The word Peter means rock. Cephas in Aramaic, Petros in Latin. Jesus called Peter his rock. He would build the church upon this rock. But the funny part about Peter, or Rocky as one theologian calls him, is that he was not solid at all at first.
Peter made more mistakes than anybody. He denied Jesus three times, he distracted from the event of the Transfiguration by trying to build monuments, he even gets called Satan by Jesus just a few verses later. How could Jesus have looked to someone so unreliable to start the church? How could Jesus have seen rock-solidness when the rest of us can only see a bumbler? What was it about Peter that made him the one to trust?
Peter does one thing right in the gospels. When Jesus asks the disciples who they think he is, Peter nails it.
"Who do you say that I am?" Jesus asks Peter.
"You are Christ, the Messiah, the Son of the Living God."
Peter knows who Jesus is and he devotes his life to Jesus. For all his faults and foibles, he puts Jesus first. He knows that Jesus is the Christ, the ruler of his life, the most important one in world. He makes Jesus his first priority. He gets that part right.
As Christians, Jesus asks us all this very simple question. He asks it all of our lives...
"Who do you say that I am?"
We answer this question by the way that we live our lives. Is Jesus your Lord? Is Jesus the first priority in your life, above all other relationships? We answer this question not just with words but primarily with our deeds. Does Jesus have some time in your day? And is Jesus part of your financial budget? We set our priorities primarily by allocating our time and money. If you want to see what is most important to a person, look at their calendar and look at their bank account. Where are they spending their time and where are they spending their money? That will tell you much more than words.
On July 20, 1969, two human beings changed our world forever by walking on the surface of the moon. But before Buzz Aldrin and Neil Armstrong got out of the Lunar Module, Buzz did something amazing, something that very few people know about. Buzz Aldrin gave himself communion on the surface of the moon. It was the first thing that he did. After his return, he wrote about it in Guideposts magazine.
Aldrin was an elder at a Presbyterian Church in Texas. He wanted to do something for God on the surface of the moon. He wanted to show the world that God was the first priority in his life. He asked his minister what he should do and the minister suggested communion. Buzz did not know that this would be possible. So the minister consecrated a communion wafer and a vial of wine and Buzz Aldrin took them with him. He and Armstrong had only been on the surface of the moon for a few moments when Aldrin made the following public statement:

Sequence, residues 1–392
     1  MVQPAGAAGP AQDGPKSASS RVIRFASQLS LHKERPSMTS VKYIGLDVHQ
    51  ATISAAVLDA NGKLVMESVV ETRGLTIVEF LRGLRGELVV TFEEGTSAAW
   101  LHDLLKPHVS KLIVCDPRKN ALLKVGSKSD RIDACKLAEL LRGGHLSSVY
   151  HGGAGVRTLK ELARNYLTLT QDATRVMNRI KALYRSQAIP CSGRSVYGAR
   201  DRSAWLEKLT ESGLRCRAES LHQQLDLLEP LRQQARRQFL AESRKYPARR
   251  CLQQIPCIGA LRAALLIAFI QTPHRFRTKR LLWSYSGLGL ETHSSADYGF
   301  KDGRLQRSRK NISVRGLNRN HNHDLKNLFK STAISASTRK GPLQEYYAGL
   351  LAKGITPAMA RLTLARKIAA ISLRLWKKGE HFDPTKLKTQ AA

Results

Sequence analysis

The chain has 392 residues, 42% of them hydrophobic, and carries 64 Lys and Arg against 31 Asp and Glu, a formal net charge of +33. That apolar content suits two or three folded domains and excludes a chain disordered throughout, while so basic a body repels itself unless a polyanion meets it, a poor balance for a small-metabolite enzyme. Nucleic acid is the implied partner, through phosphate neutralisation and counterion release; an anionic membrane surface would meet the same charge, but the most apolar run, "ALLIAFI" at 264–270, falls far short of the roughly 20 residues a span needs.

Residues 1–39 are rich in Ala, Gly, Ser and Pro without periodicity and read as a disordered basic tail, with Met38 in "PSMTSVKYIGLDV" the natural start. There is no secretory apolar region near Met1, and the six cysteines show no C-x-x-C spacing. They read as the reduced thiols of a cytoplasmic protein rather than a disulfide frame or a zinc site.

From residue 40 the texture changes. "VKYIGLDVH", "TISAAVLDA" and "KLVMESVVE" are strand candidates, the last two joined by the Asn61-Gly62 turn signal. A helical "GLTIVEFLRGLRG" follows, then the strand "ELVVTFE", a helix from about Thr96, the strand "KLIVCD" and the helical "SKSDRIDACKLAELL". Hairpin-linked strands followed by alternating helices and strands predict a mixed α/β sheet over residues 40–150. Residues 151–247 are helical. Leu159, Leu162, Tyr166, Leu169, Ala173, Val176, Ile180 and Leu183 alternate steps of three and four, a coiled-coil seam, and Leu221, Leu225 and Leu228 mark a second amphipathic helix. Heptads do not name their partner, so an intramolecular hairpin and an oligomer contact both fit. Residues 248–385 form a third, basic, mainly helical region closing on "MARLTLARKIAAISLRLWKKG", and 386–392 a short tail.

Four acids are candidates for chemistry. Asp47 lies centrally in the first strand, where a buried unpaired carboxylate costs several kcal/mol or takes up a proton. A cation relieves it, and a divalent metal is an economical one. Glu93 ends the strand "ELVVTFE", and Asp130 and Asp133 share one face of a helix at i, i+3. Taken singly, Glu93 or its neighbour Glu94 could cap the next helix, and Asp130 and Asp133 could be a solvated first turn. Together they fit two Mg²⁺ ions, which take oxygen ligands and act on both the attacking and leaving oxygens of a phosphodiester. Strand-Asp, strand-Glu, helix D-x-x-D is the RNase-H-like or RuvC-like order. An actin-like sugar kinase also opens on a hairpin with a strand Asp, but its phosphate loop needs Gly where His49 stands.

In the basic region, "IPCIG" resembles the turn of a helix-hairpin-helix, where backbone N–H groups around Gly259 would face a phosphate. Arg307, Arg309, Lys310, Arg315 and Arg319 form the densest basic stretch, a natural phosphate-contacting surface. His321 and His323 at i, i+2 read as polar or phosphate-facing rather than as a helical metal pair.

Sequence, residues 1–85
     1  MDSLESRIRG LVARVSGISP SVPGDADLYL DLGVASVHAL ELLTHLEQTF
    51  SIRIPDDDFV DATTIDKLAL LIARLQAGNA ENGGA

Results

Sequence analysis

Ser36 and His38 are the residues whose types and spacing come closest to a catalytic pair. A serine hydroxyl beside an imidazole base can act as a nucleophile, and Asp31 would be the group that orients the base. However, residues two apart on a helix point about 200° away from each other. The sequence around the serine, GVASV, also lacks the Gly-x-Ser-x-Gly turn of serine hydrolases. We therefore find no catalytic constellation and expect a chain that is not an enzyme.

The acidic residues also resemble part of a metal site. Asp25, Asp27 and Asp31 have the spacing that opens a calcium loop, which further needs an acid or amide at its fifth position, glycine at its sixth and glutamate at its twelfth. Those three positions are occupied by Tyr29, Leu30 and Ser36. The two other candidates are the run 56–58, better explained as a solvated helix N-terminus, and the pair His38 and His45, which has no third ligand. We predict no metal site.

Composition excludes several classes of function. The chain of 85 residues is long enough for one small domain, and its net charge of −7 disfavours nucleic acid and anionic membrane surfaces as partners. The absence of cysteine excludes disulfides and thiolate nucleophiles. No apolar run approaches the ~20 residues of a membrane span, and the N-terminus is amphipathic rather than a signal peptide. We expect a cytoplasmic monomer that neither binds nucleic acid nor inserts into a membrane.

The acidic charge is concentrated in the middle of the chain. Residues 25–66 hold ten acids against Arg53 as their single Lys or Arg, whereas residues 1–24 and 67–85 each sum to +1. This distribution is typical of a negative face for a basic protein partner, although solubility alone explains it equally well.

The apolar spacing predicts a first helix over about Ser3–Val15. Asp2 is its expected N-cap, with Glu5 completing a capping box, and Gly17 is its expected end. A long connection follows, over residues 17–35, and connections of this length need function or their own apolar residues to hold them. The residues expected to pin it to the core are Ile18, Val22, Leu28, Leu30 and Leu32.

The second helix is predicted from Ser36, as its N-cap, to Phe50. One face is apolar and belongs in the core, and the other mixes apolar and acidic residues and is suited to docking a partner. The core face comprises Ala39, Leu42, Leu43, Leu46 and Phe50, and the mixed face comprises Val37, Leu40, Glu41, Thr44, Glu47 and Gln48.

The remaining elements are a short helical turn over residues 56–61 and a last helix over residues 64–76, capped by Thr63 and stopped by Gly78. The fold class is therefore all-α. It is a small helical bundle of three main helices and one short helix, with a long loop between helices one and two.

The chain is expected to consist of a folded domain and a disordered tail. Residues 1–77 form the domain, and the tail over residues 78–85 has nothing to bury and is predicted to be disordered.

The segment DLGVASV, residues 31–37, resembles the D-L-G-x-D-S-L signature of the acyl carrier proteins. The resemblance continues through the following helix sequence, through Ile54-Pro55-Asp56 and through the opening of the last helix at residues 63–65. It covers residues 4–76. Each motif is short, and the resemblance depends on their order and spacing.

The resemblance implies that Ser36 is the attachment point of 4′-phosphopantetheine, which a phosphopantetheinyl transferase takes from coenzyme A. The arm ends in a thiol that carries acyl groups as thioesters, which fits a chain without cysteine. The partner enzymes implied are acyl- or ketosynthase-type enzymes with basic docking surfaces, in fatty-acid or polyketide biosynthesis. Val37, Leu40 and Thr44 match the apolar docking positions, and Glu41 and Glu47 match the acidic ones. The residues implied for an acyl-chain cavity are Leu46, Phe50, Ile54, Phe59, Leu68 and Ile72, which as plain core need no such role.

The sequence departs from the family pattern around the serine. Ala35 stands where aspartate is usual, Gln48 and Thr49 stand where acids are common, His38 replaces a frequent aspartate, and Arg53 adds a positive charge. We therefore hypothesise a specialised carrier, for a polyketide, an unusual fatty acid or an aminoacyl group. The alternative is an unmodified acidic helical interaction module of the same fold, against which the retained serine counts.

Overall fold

“This is the LM pilot. I'd like to take this opportunity to ask every person listening in, whoever and wherever they may be, to pause for a moment and contemplate the events of the past few hours and to give thanks in his or her own way.” He then ended radio communication and there, on the silent surface of the moon, 250,000 miles from home, he read a verse from the Gospel of John and he took communion.
Later, he wrote about taking communion on the moon..."In the radio blackout, I opened the little plastic packages which contained the bread and the wine. I poured the wine into the chalice our church had given me. In the one-sixth gravity of the moon, the wine slowly curled and gracefully came up the side of the cup. Then I read the scripture...
I am the vine, you are the branches.
Whosoever abides in me will bring forth much fruit ...
Apart from me you can do nothing.
"I ate the tiny Host and swallowed the wine. I gave thanks for the intelligence and spirit that had brought two young pilots to the Sea of Tranquility. It was interesting for me to think the very first liquid ever poured on the moon and the very first food eaten there, were the communion elements. And of course, it's interesting to think that some of the first words spoken on the moon were the words of Jesus Christ, who made the Earth and the moon - and who, in the immortal words of Dante, is Himself the "Love that moves the Sun and other stars."
Buzz answered Jesus' question, "But who do you say that I am?" by receiving communion on the face of the moon. How will you answer Christ's question?
Today, you will have an opportunity to walk around this campus and view a variety of ministries of this Cathedral. One way that you can answer Christ's question is to devote a portion of your time to serving God. This can happen in so many ways, from preparing the altar to serving a meal to the homeless. Look around. God is asking for your time, see what you can do to serve Jesus here in the core of the city.
In the next two months, we will also be asking you to make a financial pledge to the Cathedral. The more that you give, the more ministry can be done from this beautiful place. Consider your financial priorities. Is God right up there on your list? Are you giving enough to really be making a sacrifice for God? The amount of your pledge is not as important as the weight of its importance in your own budget. Giving should be the first thing that you do, not the last. Who do you say that Christ is in your life? Is he a top priority? It is sacrificial giving that changes the world.
Buzz took communion on the surface of the moon. It was the first thing that he did. His first priority.
Peter left his home, his wife and his job to follow Jesus. What are you willing to give up? What are you willing to give? Do you take communion every week on the morning of the first day of the week? Is it the first thing that you do?
Jesus asks us all..."But who you YOU say that I am?"
How you chose to live your life...that is your answer.